A 0.3 FT2 electrolyte cell was assembled with NAFION 315 membrane that was not previously submitted to a pretreatment process. A ruthenized titanium anode and a nickel plated cathode were used. A 40% TMACl solution and a 9.25% TMAH solution were circulated through the anolyte and catholyte compartments respectively, while a current of 48 amperes was applied to the cell. After nine hours of operation, the TMAH concentration in the catholyte compartment had reached an upper limiting level, and samples of the anolyte and catholyte streams were analyzed with the following results:

______________________________________Anolyte             Catholyte______________________________________25.16% TMACl        22.47% TMAH4 ppm Na.sup.+      80 ppm Cl.sup.-0.5 ppm K.sup.+     6 ppm Na.sup.+               1.4 ppm K.sup.+               0.3% Carbonate______________________________________
EXAMPLE 2

A 15 in2 electrochemical cell was assembled with a NAFION 425 membrane, ruthenized titanium anode and nickel-plated titanium cathode. The membrane was pretreated by boiling for one hour in a H2 SO4, washing in deionized water and soaking in 1 M TMAH for 24 hours prior to cell assembly.

A feedstream of 0.1 M TMACl was circulated through the anolyte chamber, while a dilute solution of TMAH (pH=12.6) was employed as the circulating fluid in the catholyte chamber to provide electrical conductivity.

Upon application of an electrical current, tetramethylammonium ions passed rapidly through the membrane accompanied by about six moles of water, one of which is converted by the cathode into hydrogen and hydroxyl ions.

After operating the cell for a period of time, solid TMAH pentahydrate was observed to form in the cathode compartment. This solid (ca., 50% TMAH) could be isolated directly, or alternatively, dilution water can be circulated through the cathode compartment to prepare solutions at any concentration below 50%.

Analysis of a TMAH solution prepared in this manner showed no detectable chloride ion contaminants, and no concentrating transfer of alkali metal ion impurities from the feedstream to the product solution thus illustrating the significance of several of the processing steps and procedures.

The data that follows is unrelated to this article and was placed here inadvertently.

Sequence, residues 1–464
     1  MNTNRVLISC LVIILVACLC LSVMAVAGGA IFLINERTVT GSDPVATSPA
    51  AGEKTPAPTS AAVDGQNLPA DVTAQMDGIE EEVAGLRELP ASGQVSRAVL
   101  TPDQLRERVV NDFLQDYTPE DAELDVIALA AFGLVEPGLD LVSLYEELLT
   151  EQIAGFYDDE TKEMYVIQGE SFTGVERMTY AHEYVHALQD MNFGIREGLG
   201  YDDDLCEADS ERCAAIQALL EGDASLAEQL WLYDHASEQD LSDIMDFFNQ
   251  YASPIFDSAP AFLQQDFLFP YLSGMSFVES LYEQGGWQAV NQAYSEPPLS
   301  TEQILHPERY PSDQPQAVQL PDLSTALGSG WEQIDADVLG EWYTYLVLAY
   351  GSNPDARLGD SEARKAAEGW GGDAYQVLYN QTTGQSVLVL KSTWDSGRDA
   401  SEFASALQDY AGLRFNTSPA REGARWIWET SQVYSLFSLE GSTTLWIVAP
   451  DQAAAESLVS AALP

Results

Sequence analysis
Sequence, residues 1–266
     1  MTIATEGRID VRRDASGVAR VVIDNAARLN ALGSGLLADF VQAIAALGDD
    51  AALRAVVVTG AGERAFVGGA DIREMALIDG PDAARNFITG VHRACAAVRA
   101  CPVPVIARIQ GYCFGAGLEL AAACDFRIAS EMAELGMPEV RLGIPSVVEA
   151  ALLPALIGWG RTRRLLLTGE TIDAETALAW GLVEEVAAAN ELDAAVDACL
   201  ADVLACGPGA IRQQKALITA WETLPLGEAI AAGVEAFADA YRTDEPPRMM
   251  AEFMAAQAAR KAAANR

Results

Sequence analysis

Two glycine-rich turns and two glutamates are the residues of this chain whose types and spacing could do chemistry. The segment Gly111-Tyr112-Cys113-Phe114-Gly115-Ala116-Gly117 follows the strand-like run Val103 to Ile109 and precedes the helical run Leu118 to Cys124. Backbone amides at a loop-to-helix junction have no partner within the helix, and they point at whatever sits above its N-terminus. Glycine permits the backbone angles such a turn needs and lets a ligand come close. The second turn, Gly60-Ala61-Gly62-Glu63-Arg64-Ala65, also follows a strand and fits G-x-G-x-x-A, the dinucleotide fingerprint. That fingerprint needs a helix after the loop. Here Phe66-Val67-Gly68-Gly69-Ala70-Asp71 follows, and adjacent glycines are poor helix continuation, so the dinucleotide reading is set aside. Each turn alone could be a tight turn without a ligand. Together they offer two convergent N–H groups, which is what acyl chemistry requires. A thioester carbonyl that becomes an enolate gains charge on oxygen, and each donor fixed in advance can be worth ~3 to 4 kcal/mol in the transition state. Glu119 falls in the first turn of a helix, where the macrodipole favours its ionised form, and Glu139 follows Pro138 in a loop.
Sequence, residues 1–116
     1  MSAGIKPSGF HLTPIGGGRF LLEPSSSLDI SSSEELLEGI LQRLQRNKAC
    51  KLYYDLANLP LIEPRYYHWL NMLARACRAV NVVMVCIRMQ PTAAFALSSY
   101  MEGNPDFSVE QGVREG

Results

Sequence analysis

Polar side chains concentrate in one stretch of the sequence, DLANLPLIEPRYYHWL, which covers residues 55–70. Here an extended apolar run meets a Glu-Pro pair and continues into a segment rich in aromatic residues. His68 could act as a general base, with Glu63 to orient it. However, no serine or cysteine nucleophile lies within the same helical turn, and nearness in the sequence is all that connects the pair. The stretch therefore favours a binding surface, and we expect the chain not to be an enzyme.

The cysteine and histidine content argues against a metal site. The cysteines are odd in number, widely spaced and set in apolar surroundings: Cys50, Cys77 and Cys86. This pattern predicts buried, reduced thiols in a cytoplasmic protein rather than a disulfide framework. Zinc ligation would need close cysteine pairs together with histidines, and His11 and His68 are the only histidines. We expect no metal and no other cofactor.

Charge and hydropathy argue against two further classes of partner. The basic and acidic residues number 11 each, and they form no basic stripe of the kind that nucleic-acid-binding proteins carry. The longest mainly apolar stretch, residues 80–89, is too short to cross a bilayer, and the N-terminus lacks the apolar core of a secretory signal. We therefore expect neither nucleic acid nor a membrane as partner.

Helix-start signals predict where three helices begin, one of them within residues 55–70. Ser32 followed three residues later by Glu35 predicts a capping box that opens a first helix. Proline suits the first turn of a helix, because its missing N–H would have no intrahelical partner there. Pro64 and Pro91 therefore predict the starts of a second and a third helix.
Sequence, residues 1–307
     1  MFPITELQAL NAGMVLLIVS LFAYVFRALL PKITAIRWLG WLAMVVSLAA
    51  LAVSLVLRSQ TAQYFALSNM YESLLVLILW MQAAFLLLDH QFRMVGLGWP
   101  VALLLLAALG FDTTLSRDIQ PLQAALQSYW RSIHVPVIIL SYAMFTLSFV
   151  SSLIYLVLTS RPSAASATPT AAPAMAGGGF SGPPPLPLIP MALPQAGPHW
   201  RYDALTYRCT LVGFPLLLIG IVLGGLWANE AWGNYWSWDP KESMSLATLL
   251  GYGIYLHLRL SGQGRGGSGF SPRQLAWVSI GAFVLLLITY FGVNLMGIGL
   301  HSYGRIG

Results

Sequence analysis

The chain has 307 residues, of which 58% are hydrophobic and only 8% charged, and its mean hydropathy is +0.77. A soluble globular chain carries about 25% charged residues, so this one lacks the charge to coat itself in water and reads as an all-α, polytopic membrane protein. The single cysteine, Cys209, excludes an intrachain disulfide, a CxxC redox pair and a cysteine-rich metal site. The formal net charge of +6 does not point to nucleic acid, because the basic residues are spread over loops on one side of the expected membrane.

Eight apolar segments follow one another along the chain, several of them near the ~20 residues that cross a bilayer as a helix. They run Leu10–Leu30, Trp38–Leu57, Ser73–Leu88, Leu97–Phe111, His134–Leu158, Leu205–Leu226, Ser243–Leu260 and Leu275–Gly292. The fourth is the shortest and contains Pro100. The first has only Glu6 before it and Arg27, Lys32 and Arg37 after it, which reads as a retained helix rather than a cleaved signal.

Claims (13)

We claim:
1. A process for producing quaternary ammonium hydroxide in an electrolytic cell having an anode compartment containing an anode and a cathode compartment containing a cathode, said anode and cathode compartments being separated by a cationic membrane that has been treated with a mineral acid prior to use in the process and is capable of rejection of passage of essentially all halide anions from said anode compartment to the cathode compartment and capable of permitting a passage of hydrated quaternary ammonium cations from the anode to cathode compartment, comprising: feeding a solution of a quaternary ammonium halide into said anode compartment; feeding water into said cathode compartment; establishing and maintaining a sufficient electrical potential between said anode and cathode to produce a flow of electrical current across said cell thereby causing halide ions to lose an electron at said anode, and combine to form halogen molecules, hydrated quaternary ammonium ions to migrate through said membrane from said anode compartment into said cathode compartment and to combine with hydroxide ions to form quaternary ammonium hydroxide that is essentially free of halide, and to dissociate water at the cathode to form hydrogen and hydroxide ions; and removing a product containing greater than 25 wt. % of quaternary ammonium hydroxide from said cathode compartment.
2. The process of claim 1, wherein the feed solution concentration ranges from 0.01% to 25.0%.
3. The process of claim 2, wherein the feed solution concentration ranges from 0.1 to 1.0%.
4. The process of claim 1, wherein:
said cation exchange membrane is comprised of a perfluorosulfonic acid.
5. The process of claim 1 which further includes:
providing an inert gas atmosphere in said cathode compartment to prevent formation of carbonate impurities in said quaternary ammonium hydroxide products.
6. The process of claim 1, wherein:
said quaternary ammonium halide is tetramethylammonium chloride and said quaternary ammonium hydroxide is tetramethylammonium hydroxide.